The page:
al fresco dining in the Streets

I really enjoyed reading D.Ann Shiffler’s Guest Essay, “Going al fresco”, in last Sunday’s  Williamson County Sun. Her essay got me thinking about how we could increase outdoor eating around Downtown Georgetown and help our struggling restaurants around the Square.

Over the last few weeks, this idea has been discussed at City Council, in the papers and around the Square. Is there a way we could try it out and see if it could work…while still enforcing social distancing requirements?

Since I’m an architect, I decided to use my good Texas Tech education (Go Red Raiders) and look into the possibilities of experimenting with al fresco dining on some of the streets around the Square…but remember, we have to be Safe, Protected and Smart!

There are going to be a lot of challenges to find an effective way to implement new dining on the streets around the Square. We have to be safe and ensure social distancing is enforced. We also have to make sure we don’t close down the Square and hurt our struggling retail businesses.

Recently, a friend sent me an online article about what New York City has done to allow restaurants to expand outdoor eating this summer. I really enjoyed reading the article, entitled, “Al Fresco Architecture: How New York’s Streets Have Been Transformed for Outdoor Dining” [Web Link], and encourage y’all to check it out.

NYC Architects have come up with some interesting ideas for using selected streets for outdoor restaurant dining…while still ensuring social distancing. NYC architectural designer David Rockwell designed “a modular outdoor dining system that meets social distancing specifications”.

NYC Dining-PavilionIt’s called DineOut NYC. According to the article, “The plans, based on a kit-like module, take into account social distancing space between tables, as well as all-important sanitation stations. They allow for varying numbers of seats, and include sidewalk fencing and planter benches to create a sense of separation.”

Well, Georgetown certainly isn’t NYC, but it shows that cities around the country are looking for safe, social distancing concepts to help out their restaurants and shops. In researching this post, I saw that a number of other cities around the country had the same idea…San Diego’s Little Italy, New Haven CT, Oakland CA.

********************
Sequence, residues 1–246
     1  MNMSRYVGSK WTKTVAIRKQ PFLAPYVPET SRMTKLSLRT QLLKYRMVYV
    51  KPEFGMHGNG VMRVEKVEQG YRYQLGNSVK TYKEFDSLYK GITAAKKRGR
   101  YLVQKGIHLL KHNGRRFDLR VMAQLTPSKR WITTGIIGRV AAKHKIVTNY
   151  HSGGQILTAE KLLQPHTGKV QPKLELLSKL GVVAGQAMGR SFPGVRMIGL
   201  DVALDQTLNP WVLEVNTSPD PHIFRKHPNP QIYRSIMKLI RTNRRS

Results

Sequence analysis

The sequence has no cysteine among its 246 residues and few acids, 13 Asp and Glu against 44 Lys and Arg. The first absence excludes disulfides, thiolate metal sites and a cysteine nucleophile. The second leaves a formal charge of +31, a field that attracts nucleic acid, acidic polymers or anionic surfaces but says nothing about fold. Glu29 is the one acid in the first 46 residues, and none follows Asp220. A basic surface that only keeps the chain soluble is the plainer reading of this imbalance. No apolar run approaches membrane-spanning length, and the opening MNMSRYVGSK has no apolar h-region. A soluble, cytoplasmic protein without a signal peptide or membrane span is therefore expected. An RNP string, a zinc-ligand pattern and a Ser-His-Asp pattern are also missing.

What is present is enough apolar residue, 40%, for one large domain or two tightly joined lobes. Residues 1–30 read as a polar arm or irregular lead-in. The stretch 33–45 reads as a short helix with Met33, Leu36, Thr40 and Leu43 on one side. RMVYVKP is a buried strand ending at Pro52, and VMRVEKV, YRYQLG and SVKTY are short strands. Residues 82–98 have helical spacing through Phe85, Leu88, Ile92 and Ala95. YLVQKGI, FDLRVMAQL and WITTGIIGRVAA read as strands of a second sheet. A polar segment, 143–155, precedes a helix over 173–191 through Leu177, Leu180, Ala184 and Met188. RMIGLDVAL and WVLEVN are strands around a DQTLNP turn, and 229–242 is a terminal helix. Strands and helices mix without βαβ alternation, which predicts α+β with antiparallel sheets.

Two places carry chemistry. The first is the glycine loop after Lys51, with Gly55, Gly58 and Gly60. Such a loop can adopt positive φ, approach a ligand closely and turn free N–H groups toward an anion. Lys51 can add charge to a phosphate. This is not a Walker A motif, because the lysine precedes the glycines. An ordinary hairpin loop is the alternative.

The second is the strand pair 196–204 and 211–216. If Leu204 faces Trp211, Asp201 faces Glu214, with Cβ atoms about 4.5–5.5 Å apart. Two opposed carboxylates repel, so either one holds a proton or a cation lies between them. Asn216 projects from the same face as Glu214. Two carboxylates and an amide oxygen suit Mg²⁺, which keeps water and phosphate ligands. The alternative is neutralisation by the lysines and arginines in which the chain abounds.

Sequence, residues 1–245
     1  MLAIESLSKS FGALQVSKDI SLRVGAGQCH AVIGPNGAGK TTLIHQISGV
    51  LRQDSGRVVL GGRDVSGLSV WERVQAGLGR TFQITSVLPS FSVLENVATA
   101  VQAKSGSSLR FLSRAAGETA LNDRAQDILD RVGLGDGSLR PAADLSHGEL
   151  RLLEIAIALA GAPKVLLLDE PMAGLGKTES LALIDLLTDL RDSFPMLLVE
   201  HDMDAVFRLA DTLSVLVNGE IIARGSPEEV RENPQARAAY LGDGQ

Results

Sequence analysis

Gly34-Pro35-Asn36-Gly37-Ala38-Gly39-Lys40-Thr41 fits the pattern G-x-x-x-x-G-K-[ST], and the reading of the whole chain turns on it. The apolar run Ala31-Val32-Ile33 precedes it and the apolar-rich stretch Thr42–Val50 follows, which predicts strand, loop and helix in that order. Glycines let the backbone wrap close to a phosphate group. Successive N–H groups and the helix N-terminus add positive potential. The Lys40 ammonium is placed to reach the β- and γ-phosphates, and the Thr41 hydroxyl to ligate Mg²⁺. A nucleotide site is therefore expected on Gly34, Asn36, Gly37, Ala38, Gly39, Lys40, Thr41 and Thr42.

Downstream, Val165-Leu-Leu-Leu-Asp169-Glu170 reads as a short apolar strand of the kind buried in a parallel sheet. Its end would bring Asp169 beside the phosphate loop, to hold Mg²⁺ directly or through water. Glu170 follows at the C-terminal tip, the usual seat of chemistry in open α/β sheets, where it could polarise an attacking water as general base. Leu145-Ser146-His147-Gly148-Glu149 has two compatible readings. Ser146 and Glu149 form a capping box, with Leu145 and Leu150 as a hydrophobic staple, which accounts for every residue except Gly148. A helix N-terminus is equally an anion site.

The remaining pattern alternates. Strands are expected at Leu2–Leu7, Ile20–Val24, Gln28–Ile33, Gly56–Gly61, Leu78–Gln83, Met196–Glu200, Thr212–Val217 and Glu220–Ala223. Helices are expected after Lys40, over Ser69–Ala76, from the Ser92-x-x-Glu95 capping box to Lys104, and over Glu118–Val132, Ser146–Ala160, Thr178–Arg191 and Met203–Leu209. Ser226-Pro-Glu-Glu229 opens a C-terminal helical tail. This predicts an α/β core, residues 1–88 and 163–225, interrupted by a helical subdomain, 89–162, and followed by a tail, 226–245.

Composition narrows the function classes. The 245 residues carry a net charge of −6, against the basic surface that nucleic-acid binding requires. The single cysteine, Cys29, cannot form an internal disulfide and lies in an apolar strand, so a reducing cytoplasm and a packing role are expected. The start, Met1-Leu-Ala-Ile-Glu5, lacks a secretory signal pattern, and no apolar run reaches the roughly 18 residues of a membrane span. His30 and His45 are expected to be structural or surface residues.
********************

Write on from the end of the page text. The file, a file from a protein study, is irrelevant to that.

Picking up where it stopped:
al fresco dining in the streets
Should Georgetown join the street-based al fresco  dining bandwagon?

If we want to try al fresco dining in streets around Downtown Georgetown, I would suggest we start out with a one block pilot first.  I think the 200 block of E 7th Street between Main & Church Streets would be a good candidate…with Gumbo’s, 600 Degree’s Marketplace, Galaxy Bakery, The Baked Bear, Jaiwai Thai Kitchen and Mango Tango.  It seems to be a good location to try out street-based al fresco dining. That City block would need be closed off to cars & pickups during the experiment.

So what do we do about parking for those cars and pickups that just lost their parking spaces?

When you replace parking spaces with dining tables, you need to also find a way to make it easy for customers to get to the Square to eat and shop.  For the al fresco street dining Electric Downtown Shuttlepilot, why not use electric shuttles around the Square, like McKinney, Texas does with their Downtown DASH shuttle?  Our electric shuttles can pick you up at the various Downtown perimeter parking lots and then take you to the Square…for al fesco dining, shopping or both!   

Looking at a long term solution for Downtown parking, we should consider linking all the existing parking lots along Rock Street and the Main & 9th St lot with a “Red Poppy Trolley“…but I think that’s an idea for a future post.

As an architect, I certainly would be willing to try and find a safe, social distancing way to make street-based al fresco dining work in Georgetown and help out our downtown restaurants and shops…any other Volunteers?

Take Care and Stay Safe!

Larry